There has been an increased media focus on sports-related concussions, making many people reconsider their views on youth sports. If you are the parent of children who play contact sports at the junior high or high school level, you may have some concerns about their risks for suffering concussions.
Concussion rates are alarming
In their recently published research letter, the Journal of the American Medical Association announced that as many as 20 percent of teenagers self-reported diagnoses of at least a single concussion. Another 6 percent report multiple concussion diagnoses.
Most concussions will result in temporary symptoms like nausea, headaches and irritability. But as many as 20 percent will continue to suffer from headaches, develop depression and struggle with concentration. Others can suffer from disrupted sleep patterns or even go on to develop chronic traumatic encephalopathy (CTE). That’s the degenerative brain disorder that has been discovered at autopsy in the brains of a plethora of former professional football players.
Due to the dearth of available information regarding adolescent concussion prevalence rates and the correlating factors, research needs to continue in order to find solutions to the problem.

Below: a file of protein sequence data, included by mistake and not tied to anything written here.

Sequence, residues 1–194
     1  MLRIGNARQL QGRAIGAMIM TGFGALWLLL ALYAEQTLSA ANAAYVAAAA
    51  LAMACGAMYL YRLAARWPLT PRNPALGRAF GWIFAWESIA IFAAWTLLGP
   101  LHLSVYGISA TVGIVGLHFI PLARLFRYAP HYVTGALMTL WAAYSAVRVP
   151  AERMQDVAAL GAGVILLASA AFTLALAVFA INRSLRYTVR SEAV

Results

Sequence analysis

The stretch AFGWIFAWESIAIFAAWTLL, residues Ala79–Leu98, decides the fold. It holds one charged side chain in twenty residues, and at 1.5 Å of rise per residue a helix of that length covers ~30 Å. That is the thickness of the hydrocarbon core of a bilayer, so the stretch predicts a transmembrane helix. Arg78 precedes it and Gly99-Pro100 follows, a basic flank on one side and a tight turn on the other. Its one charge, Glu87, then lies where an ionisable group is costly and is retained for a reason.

Some don’t get treated
According to the Centers for Disease Control and Protection (CDC), when young adults suffer head injuries, as many as 95 percent don’t seek treatment in the emergency room. Some don’t get any treatment at all, and others delay and wait to be seen by their primary care physicians.
Part of the survey addressed the teens’ sports participation. Those involved in contact sports, e.g., hockey, wrestling, football, had higher rates of reported concussions, especially those in the higher grades.
While the survey is limited in that it required self-reporting, it does provide a snapshot view of student athletes’ experiences with sports-related injuries.
What parents should know
If you have a child who participates in contact sports, you have the responsibility to make sure that they are safe. If the athletic director or the coach of your child’s team doesn’t have a protocol in place for dealing with head injuries, this could be a potential problem.
You can address your concerns with the school administrators if there is no plan in place. Not all side effects from concussions are immediately apparent, so it is important to ensure that your child gets the appropriate treatment.
Serious traumatic brain injuries can leave sufferers needing a lifetime of care and rehabilitative services. The costs associated with such care can easily bankrupt most families. That’s why many families facing similar circumstances decide to pursue civil litigation in order to recoup some of their losses.